65 72








49 54


87 92










47 53





63 69








39 44























21 Vogueâ&#x20AC;&#x2122;s Wintour and others 22 Kind of torch 23 Electrical paths in New York City? 25 Theyâ&#x20AC;&#x2122;re always charged 26 Flap 27 Poetâ&#x20AC;&#x2122;s â&#x20AC;&#x153;beforeâ&#x20AC;? 28 D preceder 29 Divert 31 Deux of these are better than un 33 Spill a Cuban drink?


















44 | MAY 4â&#x20AC;&#x201C;10, 2011 | BOISEweekly C L A S S I F I E D S






36 Shelter thatâ&#x20AC;&#x2122;s often octagonal 39 Housing for the homeless: Abbr. 40 Pit crewâ&#x20AC;&#x2122;s supply 41 One who says â&#x20AC;&#x153;Beg your pardonâ&#x20AC;? after stepping on your toes? 47 Mordant Mort 49 â&#x20AC;&#x153;Exodusâ&#x20AC;? hero 50 Father of Deimos and Phobos, in myth 51 Seedcase that inspired Velcro 52 Scotâ&#x20AC;&#x2122;s â&#x20AC;&#x153;ownâ&#x20AC;? 53 Noblewoman 55 Dorm heads, for short 56 Mmes., in Iberia 57 Speak on C-Span, say 60 Burn cause 61 Gentlemanâ&#x20AC;&#x2122;s partner 63 Preachersâ&#x20AC;&#x2122; lies? 68 Get up? 69 Subj. of modern mapping 71 Bust planner, in brief 72 Sly sort? 73 What a mashed potato serving may have? 78 â&#x20AC;&#x153;Sock it to me!â&#x20AC;? show 80 Unbar, to the Bard 81 High-end camera 82 Superior body? 83 Abbr. unlikely to start of a sentence 84 Revolutionary? 88 Continuing plot in a TV series 89 â&#x20AC;&#x153;___ Did Itâ&#x20AC;? (2007 memoir) 90 Cookie first baked in Manhattanâ&#x20AC;&#x2122;s Chelsea district 91 â&#x20AC;&#x153;Confiteor ___ omnipotentiâ&#x20AC;? (Latin prayer starter) 92 â&#x20AC;&#x153;Understood, manâ&#x20AC;? 94 Hairdresserâ&#x20AC;&#x2122;s first do? 97 Luggage attachment 99 Cartoon exclamation 101 One way to serve cafĂŠ 102 Author Amyâ&#x20AC;&#x2122;s family squabble? 107 Our sunâ&#x20AC;&#x2122;s type 111 Baker or Loos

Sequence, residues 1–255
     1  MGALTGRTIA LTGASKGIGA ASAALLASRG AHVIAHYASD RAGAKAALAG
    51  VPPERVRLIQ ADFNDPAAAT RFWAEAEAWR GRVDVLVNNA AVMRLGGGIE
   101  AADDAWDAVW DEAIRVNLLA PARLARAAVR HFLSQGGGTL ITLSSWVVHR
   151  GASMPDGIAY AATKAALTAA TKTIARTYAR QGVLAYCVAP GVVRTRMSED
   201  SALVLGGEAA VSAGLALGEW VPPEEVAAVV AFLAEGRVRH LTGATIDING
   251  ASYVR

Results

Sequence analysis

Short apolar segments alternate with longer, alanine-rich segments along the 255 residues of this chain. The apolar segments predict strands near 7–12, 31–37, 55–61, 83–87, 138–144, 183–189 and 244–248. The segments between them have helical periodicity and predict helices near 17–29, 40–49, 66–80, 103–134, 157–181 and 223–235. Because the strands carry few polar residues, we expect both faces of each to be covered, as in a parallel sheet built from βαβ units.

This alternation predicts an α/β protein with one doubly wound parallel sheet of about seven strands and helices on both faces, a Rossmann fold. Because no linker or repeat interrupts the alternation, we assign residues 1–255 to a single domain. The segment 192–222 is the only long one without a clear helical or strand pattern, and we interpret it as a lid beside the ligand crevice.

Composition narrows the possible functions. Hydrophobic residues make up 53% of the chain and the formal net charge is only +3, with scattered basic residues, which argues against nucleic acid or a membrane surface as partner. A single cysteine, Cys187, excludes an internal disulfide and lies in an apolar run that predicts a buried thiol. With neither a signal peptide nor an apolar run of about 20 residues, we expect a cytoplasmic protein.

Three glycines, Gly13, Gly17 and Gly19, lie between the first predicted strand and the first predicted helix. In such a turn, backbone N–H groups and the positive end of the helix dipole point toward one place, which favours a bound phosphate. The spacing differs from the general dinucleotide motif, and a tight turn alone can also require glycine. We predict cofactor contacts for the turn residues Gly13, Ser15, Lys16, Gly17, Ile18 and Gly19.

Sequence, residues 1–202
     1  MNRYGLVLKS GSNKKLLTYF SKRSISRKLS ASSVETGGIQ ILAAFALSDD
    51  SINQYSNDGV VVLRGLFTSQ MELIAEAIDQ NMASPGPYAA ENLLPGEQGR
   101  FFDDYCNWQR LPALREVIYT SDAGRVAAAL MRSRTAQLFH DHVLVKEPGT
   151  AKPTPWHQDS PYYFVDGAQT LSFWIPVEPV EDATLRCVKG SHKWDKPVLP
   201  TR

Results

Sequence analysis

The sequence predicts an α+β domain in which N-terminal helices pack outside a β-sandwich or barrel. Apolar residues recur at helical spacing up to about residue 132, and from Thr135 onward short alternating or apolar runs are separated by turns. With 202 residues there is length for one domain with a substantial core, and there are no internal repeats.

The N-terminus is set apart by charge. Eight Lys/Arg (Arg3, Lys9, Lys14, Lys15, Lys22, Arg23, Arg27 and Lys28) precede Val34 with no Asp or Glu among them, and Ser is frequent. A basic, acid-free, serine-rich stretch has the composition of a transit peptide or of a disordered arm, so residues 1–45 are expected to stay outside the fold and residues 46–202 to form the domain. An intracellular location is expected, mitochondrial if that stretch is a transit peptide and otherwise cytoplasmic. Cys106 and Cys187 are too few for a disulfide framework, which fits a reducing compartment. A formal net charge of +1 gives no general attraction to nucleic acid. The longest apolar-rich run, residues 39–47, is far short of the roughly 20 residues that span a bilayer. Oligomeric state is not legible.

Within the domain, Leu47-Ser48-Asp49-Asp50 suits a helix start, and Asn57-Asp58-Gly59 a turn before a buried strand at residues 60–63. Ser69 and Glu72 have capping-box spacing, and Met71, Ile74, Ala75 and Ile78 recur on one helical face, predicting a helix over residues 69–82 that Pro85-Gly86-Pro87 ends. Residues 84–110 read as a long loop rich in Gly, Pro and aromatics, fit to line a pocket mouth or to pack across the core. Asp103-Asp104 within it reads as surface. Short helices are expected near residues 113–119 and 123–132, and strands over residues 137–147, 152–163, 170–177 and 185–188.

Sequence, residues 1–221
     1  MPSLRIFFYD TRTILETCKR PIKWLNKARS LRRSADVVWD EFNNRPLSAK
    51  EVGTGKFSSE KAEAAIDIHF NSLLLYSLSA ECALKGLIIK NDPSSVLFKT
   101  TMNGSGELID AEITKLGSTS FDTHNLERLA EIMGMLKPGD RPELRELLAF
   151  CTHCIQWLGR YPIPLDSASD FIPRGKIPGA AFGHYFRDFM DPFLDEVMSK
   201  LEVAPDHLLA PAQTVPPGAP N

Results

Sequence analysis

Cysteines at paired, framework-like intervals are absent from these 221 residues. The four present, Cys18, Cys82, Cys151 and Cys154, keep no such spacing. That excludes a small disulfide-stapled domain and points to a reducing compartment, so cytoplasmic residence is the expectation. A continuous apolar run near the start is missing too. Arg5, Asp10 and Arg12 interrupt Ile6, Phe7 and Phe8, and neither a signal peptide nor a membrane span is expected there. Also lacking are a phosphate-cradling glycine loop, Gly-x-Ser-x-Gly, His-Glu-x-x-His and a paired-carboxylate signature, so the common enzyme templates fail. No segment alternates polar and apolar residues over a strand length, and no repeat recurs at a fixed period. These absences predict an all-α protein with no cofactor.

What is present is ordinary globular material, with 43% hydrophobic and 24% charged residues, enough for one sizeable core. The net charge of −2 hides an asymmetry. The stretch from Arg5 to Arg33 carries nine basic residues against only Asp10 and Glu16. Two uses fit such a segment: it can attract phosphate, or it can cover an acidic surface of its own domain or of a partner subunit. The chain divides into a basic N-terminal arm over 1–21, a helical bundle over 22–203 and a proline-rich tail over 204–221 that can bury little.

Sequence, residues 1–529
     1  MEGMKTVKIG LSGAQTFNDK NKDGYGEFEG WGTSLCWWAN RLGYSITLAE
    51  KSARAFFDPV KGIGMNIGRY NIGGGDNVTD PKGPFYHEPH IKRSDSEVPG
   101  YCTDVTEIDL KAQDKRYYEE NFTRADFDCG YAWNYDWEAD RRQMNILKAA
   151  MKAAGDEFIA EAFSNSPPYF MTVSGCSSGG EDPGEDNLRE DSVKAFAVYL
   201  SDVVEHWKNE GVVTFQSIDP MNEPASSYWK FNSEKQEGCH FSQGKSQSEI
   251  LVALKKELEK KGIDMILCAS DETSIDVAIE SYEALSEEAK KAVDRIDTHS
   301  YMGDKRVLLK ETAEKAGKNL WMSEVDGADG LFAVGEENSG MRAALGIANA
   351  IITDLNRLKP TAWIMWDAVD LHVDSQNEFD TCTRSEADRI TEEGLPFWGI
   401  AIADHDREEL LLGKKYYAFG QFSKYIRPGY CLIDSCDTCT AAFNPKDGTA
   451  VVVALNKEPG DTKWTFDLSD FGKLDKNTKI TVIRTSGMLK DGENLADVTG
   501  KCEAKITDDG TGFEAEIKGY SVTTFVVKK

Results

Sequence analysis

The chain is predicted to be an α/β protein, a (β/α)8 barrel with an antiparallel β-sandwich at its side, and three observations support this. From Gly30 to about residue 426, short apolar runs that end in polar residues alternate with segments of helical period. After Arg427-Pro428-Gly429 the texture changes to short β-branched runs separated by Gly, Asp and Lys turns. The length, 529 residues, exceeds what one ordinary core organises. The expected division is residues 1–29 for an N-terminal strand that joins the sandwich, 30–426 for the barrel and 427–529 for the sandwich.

112 Pizza topping 113 FICA fig. 115 Prefix with metric 116 â&#x20AC;&#x153;It wonâ&#x20AC;&#x2122;t hurt ___â&#x20AC;? 117 The Miracles? 121 Ball boy? 122 Like a bagel 123 Homeyâ&#x20AC;&#x2122;s rep 124 Mtn. stats 125 Shakespeareâ&#x20AC;&#x2122;s â&#x20AC;&#x153;spotâ&#x20AC;? 126 Tofu sources 127 Spine-tingling

DOWN 1 Blot with gauze, say 2 Pass over 3 One who sees everything in black and white? 4 Actress Thurman 5 Regards in wonderment 6 Rubberneck 7 Art, nowadays 8 Rocky of song 9 Tell, e.g. 10 Asian gambling mecca 11 Stores after cremation 12 Long-range shooters 13 Word after high or top 14 Source of Indian tea 15 Volcano near Aokigahara forest 16 Mass part 17 Bitinâ&#x20AC;&#x2122; things 18 ___ for elephant 20 Red Cross course, briefly 24 Line score inits. 30 Group with the 6x platinum album â&#x20AC;&#x153;Dr. Feelgoodâ&#x20AC;? 32 Backing: Var. 33 Bent beams 34 Some flakes 35 Suffix with psych37 Whistle-blower, in slang 38 Facebook co-founder Saverin 41 3.26 light-years 42Sibyl, for one 43 Writer Eda 44 Chinese dynasty during the time of Confucius 45 Marquessâ&#x20AC;&#x2122;s subordinate

46 48 54 56 58 59 62